Mostly because I haven’t been around for much of her life and we don’t have a close relationship. I love her dearly, but she doesn’t know enough about me, like most brothers and sisters often do. I’m much closer—in age and emotionally—to my sister, Angelique, who we call Lee.

  “Ah, the big guy is here.” Lucca, my little brother, climbs off the couch with a smug grin.

  Lucca and I are tighter. He was older by the time I left home. Lucca was planned, and Gabby came about from a “night of passion,” my parents’ words not mine.

  “You just saw me at Christmas. Don’t act like I’m never around.” I shrug off my coat and hang it on the hook near the door.

  My mother’s in the kitchen, banging pots and pans, probably making more of a mess than a meal. “You’re late!”

  I roll my eyes and stalk into the living room, ready to hear bullshit for the next twelve hours until I drive back into the city. “Sorry, Mom,” I yell back, walking past the kitchen and heading toward the chair next to the fireplace. “Good to see you, Dad.” I slap him on the shoulder and disrupt his thought process. “Mom has you working on another project?”

  He drops the instruction sheet to the floor. “This damn lamp is like a jigsaw puzzle. Why can’t she buy shit that’s already put together like normal people?”

  I laugh and slink down to the floor next to him. “I’ll help.”

  He smiles and his shoulders relax. His hair looks uncombed, but I know it’s probably from the five hundred times he’s yanked on it out of frustration. He’s one of the smartest people I know, but putting together furniture has never been his forte. “Thanks.”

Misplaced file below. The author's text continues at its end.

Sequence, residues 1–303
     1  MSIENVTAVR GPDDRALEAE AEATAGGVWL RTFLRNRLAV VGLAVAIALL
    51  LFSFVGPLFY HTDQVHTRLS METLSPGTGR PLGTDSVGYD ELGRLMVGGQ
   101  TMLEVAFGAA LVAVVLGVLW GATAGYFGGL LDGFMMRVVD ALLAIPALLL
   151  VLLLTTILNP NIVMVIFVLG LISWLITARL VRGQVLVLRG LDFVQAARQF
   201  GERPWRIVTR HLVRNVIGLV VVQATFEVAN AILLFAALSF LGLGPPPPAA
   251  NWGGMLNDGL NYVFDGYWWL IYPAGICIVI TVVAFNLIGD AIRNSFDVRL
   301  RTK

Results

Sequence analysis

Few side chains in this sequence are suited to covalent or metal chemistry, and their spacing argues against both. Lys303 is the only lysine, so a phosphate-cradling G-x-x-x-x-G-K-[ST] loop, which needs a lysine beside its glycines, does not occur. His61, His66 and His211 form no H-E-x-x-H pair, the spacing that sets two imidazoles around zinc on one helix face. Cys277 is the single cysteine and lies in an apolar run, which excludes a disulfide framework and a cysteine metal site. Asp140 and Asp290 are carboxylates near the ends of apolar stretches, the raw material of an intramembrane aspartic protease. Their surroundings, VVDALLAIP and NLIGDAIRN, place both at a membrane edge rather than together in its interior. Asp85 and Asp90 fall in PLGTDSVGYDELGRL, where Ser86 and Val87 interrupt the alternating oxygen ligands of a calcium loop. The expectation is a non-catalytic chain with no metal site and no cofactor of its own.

“How’s life in the big city?” Gabby asks, looking up from her phone. “I’m going to come visit you for spring break.”

  My jaw ticks because the thought of my sister in the city and near my life can never happen. “Gab, we’ve gone over this before. You can’t come visit me.”

  “Why?” she sneers, dropping her phone on the cushion next to her and crossing her arms.

  My father glances at me with a grimace.

  “Because I said so. What do you think, Dad?” I throw it on his shoulders to back me up because I know he will.

  We’ve gone round and round with her about this. Ever since she turned sixteen, she’s felt that she’s a ”big” enough girl to handle New York City and my friends. But no matter how old she is, she’ll never be a part of my world. To her, I’m her big brother, bigger than life. But to others, I’m just a criminal with one of the nastiest reputations in town.

  “You’re not going, Gab,” Dad tells her sternly. “Never.”

  “Soon, I’ll be old enough that neither of you can stop me.”

  I fuckin’ hate teenage girls. They’re the worst type of human beings on the planet. It’s easier to reason with a stick of butter than a hormonal female teen. “Case closed, Gabby,” I say and stare at the directions because I can’t look her in the eye.

  “What do you do that’s so—” she waves her hands in the air and rolls her eyes “—dangerous that I can’t be around?”

  My little sister doesn’t need to know anything about my life. Besides being bitchy, she’s a talker. The thing I value most is my privacy. “You don’t need to know.”

  “Dad,” Gabby whines and climbs off the couch like she’s physically in pain. “It’s so unfair.”

  “It’s on a need-to-know basis,” I tell her and pick up the half-constructed lamp to try to figure out which step he left off on.

  “And you don’t need to know,” Lucca tells her with laughter as he walks past her and smacks her on the back of the head. She screeches, running after him as he races up the stairs.

  My father sighs and leans back against the couch. “See all the fun you miss around here?”

  I keep my head down, snapping in the